By Katie White, winner of the 2018 Babcock Helensburgh 10K

THE 10K is a great race distance as it is something that with a little bit of training anyone should be capable of completing and with a bit more experience it is possible to make big improvements in your time.

I am not a coach, but based on my own experience I have put together three training programmes as a guide for preparing to take part in a 10K race. The aim of all three training programmes is to gradually increase your fitness so that you are able to run further (beginners’ programme) or faster.

The beginners’ programme is designed for people who don’t currently run regularly or have never completed a 10K race before. The intermediate plan is suitable for people who can already run 10K and the advanced programme is for people who run regularly and want to improve their personal best.

READ MORE: Helensburgh 10K is back - and Babcock returns as sponsor

Although the schedules are structured to help you achieve the optimum training, they are just a guideline – don’t worry if you have to miss a run or need to adjust them a little to fit in with your other commitments.

Also, as these are generic plans, you might also need to adjust them to suit your current level of fitness and experience.

The first week of the beginners’ programme has three runs a week, each separated by rest days.

Rest days don’t need to be completely inactive, though: if you feel able to then you can do some activity on these days, such as brisk walking, yoga or pilates, as these can help you recover and prepare for your next run.

You could also include some other exercise like swimming or cycling, but try to keep the effort easy so that it doesn’t affect the amount of effort you can put in to the runs – these are the main focus of your training.

The runs on Tuesdays and Thursdays are shorter than at the weekend and aim to reduce the need to take walking breaks.

On Saturdays the aim is to gradually increase the total time you spend active to build up endurance so that you are able to complete 10K. All the runs are based on time rather than distance, so all you need is a watch.

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In week one, all the sessions have short periods of running with walking breaks. Try to keep moving continuously and maintain a brisk walking pace in between the running – you should still be able to recover enough to be able to run again.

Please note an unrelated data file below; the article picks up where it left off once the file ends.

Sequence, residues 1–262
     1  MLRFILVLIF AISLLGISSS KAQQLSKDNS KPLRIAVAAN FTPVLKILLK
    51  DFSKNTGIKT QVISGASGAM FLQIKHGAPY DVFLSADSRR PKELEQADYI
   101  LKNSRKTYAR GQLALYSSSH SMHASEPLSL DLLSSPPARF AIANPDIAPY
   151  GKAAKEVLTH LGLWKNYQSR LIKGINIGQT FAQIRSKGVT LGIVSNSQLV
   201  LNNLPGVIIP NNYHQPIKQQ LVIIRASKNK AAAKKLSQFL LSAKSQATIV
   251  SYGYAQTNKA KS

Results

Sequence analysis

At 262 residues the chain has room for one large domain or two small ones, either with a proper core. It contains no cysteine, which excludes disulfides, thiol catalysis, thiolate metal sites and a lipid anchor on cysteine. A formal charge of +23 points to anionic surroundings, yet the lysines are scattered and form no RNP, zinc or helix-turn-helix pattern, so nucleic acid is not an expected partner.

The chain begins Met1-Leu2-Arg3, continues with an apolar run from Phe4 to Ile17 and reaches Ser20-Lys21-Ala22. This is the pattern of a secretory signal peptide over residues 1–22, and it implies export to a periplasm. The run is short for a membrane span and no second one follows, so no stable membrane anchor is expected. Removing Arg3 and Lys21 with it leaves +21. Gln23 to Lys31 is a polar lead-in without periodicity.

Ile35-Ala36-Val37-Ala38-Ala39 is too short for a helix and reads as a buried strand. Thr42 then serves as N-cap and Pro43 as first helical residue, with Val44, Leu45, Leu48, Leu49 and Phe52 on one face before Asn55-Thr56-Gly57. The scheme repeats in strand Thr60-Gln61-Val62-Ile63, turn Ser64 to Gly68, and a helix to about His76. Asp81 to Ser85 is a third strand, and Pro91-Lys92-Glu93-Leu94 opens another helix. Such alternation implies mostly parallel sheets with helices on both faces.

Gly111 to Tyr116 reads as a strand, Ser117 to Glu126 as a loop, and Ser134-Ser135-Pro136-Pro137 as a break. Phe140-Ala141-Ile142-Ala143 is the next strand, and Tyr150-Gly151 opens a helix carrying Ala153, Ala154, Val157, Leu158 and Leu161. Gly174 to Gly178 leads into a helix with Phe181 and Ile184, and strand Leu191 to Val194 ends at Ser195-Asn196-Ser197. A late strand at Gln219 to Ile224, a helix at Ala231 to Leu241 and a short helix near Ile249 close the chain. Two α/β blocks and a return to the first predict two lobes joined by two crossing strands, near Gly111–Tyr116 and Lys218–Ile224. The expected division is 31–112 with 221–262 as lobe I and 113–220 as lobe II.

The intermediate and advanced programmes have a similar structure in week one, and are both suitable for people who can already run 10K.

For both plans, the key training sessions are on Tuesdays and Thursdays, with shorter intervals on Tuesdays and longer 10K specific intervals or a tempo run on Thursdays.

Both plans also have a longer run on Sunday to help increase endurance. For the advanced training plan, these runs are all longer than the intermediate plan.

In addition, the advanced plan has a tempo run on Saturdays and an extra run on Wednesdays. In both plans, on rest days you could add some strength and conditioning training or a short recovery run.

For the short intervals on Tuesdays try and aim to run at a pace quicker than your target 10K pace, with recovery jogs in between. For all interval sessions include a 10-15 minute warm up before you start the intervals and have a similar length cool down after the session.

The tempo runs require a section of the run to be completed at a faster pace, which should be slower than your interval pace but fast enough that you could still manage to say a few words but not have a conversation. The tempo section of the run should be done once you have run 10-15 minutes to warm up and to allow a similar amount of time afterwards to cool down.

READ MORE: Full results from 2018 Babcock 10K Series race in Helensburgh

Choose the plan most suitable for you based on the amount of running you are currently doing.

If you are already running at least four times a week, then the advanced programme may be suitable for you. If you are currently running less than this, or have not previously completed a running plan with interval training, the intermediate plan may be more suitable.

Don’t suddenly start running a lot more or a lot harder than you are used to as this will put you at risk of injury. Any increase in the amount or difficulty of your running needs to be gradual.

Week 1 (beginners): Monday – rest day; Tuesday – 1min walk, 2min run x10; Wednesday – rest day; Thursday – 1min walk, 2min run x10; Friday – rest day; Saturday – 5min run, 2min walk x5; Sunday – rest day.

Week 1 (intermediate): Monday – rest; Tuesday – 10x1min with 1min recovery; Wednesday – rest; Thursday – 1hr steady; Friday – rest; Saturday – 3 miles easy; Sunday – 6 miles.

Week 1 (advanced): Monday – rest; Tuesday – 15x1min 1 with 1min recovery; Wednesday – 1hr steady; Thursday – 1hr steady; Friday – rest; Saturday – 1hr with 15min tempo; Sunday – 8 miles.

Don’t miss week 2 of the programme next week!